Darrell Huckaby - 11/01/09

I love Mark Twain. He was an astute observer of the human condition. He once noted that "Man is the only animal that blushes - or needs to." He also said, "God made school boards for practice, and then made idiots."

Don't get mad at me. I didn't say it. Mark Twain did. And, of course, he is noted for remarking, after learning that his death had been erroneously been reported back in America while he was touring Europe, "The reports of my demise have been greatly exaggerated."

Mark Twain, of course, was a Southerner, born and bred along the banks of the Mississippi. He was also a novelist, an adventurer, a Confederate soldier, a lecturer and a newspaper columnist. Above all else, Twain is noted for being a humorist. Someone once asked me the difference between a comedian and a humorist and I answered, "The best I can determine, about 40 years of living."

Now I told you all of that to tell you this. In 1998 the Kennedy Center for the Performing Arts, in Washington, D.C., created an award called the Mark Twain Prize for American Humor. Each and every year since then an individual has been recognized that has had an impact on society similar to that of Mark Twain. That would be a person in pretty high cotton, indeed, and, quite frankly, some of the award winners might cause one to raise an eyebrow.

Not this year, though. This year the folks at the Kennedy Center got it just right. This year they gave the award to Bill Cosby. Bill Cosby is one of my heroes.

Like Mark Twain, Bill Cosby has taken keen note of the human condition and has, throughout his life, used his wry and accurate observations about life in America to make us think a little bit and to make us laugh a lot. I used to listen to Bill Cosby on my eight-track (ask an old person if you don't know what an eight-track was) as he told stories about growing up on the streets of Philadelphia with his brother Russell and Fat Albert and Old Weird Harold.

Fat Albert, you remember, loved to play "buck-buck," and I still laugh when I think about Cosby's voice coming through those speakers, "Come on out, Fat Albert" followed by "Hey, hey hey!" See, you are laughing, too. If you aren't, go find one of Cosby's old albums and give a listen. You will be.

Although Cosby was a television pioneer, playing in roles as diverse as a spy and a high school gym teacher, comedy was his real forte and his stories about his childhood were later turned into a long running Saturday morning cartoon show for kids. Some of his greatest work, of course, was in The Cosby Show, which became a television staple in the 1980s and was one of the first television sitcoms to portray black folks as educated, upper class professionals (Cosby's character was a doctor who was married to an attorney) without the usual stereotypes and shucking and jiving.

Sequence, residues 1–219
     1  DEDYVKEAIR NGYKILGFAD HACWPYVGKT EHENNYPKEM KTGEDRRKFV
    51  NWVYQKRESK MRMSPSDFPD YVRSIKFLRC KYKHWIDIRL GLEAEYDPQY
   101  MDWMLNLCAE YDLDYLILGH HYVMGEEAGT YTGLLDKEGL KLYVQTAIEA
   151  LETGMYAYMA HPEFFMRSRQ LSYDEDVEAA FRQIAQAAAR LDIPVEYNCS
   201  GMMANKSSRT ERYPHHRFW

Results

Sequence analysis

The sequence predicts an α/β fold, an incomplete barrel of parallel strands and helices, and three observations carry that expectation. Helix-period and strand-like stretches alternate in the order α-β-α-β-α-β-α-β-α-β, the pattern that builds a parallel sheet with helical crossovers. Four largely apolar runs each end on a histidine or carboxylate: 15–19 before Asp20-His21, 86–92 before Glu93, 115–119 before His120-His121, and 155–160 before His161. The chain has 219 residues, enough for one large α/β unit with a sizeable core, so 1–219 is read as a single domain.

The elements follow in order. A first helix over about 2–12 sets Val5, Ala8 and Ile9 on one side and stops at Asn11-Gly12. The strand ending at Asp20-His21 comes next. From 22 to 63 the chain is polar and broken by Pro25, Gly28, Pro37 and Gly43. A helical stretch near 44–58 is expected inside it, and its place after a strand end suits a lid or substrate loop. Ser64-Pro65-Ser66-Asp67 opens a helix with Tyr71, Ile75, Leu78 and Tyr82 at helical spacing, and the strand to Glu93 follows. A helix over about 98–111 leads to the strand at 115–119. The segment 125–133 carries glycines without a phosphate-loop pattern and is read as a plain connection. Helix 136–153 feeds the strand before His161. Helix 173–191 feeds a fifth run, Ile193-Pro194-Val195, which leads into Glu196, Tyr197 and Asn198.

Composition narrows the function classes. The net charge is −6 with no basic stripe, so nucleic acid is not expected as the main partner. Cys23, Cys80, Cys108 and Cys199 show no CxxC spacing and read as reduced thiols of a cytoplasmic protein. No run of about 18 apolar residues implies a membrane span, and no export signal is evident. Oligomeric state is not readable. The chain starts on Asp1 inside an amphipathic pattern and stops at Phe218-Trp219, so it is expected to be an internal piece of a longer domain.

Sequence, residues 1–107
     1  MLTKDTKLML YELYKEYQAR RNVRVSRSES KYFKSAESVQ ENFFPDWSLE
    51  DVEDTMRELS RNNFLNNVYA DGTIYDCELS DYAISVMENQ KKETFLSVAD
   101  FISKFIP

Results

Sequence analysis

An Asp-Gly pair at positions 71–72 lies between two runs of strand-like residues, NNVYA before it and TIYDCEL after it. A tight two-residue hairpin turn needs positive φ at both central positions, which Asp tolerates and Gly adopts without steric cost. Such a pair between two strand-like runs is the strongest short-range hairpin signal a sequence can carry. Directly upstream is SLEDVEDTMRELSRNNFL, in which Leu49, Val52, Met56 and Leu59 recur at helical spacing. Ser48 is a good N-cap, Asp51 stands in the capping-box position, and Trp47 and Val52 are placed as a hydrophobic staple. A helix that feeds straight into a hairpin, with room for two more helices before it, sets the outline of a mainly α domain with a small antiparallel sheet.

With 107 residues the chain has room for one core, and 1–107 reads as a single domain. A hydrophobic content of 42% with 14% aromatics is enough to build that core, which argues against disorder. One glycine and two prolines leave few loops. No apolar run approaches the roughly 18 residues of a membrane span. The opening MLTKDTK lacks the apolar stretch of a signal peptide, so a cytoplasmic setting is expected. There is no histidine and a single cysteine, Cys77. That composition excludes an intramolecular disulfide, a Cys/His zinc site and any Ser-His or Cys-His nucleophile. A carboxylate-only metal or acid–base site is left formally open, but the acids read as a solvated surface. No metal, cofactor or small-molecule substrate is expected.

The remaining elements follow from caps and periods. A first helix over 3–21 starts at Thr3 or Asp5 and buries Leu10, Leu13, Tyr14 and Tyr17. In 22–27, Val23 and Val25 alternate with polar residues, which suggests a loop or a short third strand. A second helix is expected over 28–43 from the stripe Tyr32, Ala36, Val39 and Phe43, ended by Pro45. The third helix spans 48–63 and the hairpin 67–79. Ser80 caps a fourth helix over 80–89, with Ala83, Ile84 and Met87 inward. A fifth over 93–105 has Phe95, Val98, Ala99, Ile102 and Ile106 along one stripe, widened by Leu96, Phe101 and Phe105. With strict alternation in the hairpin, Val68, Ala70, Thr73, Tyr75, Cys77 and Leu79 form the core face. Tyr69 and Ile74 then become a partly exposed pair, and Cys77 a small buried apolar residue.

Cosby became an icon, and if certain generations remember him most for his Jello commercials, well, so be it. Some say that Bill Cosby is one of the very best role models for African Americans. I say that is nonsense. I say that Bill Cosby is one of the very best role models for Americans, period - regardless of ethnic background. He is also a very funny human being (did you ever hear his bit about the woman giving birth? Morphine!!!!!!!) and he is well-deserving of any honors that might be bestowed upon him.

Now here is something that you might not know. The Kennedy Center had twice before attempted to award the Mark Twain prize to Bill Cosby and he turned them down flat, because of the profanity that was thrown around so carelessly by entertainers at the first such awards presentation in 1998. The third time was the charm and this year, after receiving assurances that this year's show - a two-hour extravaganza featuring Jerry Seinfeld, Chris Rock and many others - would be conducted with the dignity that Mr. Cosby deserved, he agreed to appear and receive the much-deserved honor.

The show will be aired this week on PBS and once again we will all be exposed to the comic genius that is Bill Cosby. I feel about him the way Dodger owner Branch Rickey felt about Jackie Robinson - "He's a credit to his race. The human race."